Marlyse Baptista, Professor of Linguistics, studies the morphosyntax interface in pidgin and creole languages. She also examines theories of language creation and language change; her current work investigates the cognitive processes involved in contact situations and focuses on the role of convergence in creole genesis. She is currently involved in three collaborative projects: a psycholinguistic experiment testing the convergence hypothesis in creole genesis (with Susan Gelman and Erica Beck), a project using field data to document language variation in Cape Verde (with Saidu Bangura, Eric Brown, and Emanuel de Pina), and a project reconstructing the ancestry of Cape Verde founding populations (with geneticists Paul Verdu and Noah Rosenberg).
Professor Baptista teaches Languages in Contact, Pidgins and Creoles, Comparative Linguistics, Introduction to Syntax, a graduate seminar on Creole Syntax and Language in a Multicultural World. She is currently (co)-supervising Eric Brown’s, Candice Scott’s and Tridha Chatterjee’s Ph.D. dissertations and serves as advisor to several other graduate students; she has also directed undergraduate honors theses.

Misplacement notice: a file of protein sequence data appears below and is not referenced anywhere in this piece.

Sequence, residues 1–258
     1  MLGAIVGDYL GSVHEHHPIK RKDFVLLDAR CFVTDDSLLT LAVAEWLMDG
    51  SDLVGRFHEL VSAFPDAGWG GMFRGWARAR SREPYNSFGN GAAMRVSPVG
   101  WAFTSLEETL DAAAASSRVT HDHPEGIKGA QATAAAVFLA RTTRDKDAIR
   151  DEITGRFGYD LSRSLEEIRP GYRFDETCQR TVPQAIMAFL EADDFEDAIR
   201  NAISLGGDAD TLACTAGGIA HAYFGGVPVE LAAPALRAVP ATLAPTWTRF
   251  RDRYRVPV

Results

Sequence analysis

She is president of the Society of Pidgin and Creole Linguistics and an associate member of the Centre National de Recherche Scientifique (Structures Formelles du Langage- Paris, France). In the Linguistics department, she has served on the Executive Committee, the Graduate Admissions Committee and the Undergraduate Committee. At the College level, she has served on the Nominating Committee, the Faculty Allies for Diversity and co-directed the theme semester on Language in Winter 2012. She is currently serving on the Rackham Graduate School Executive Board.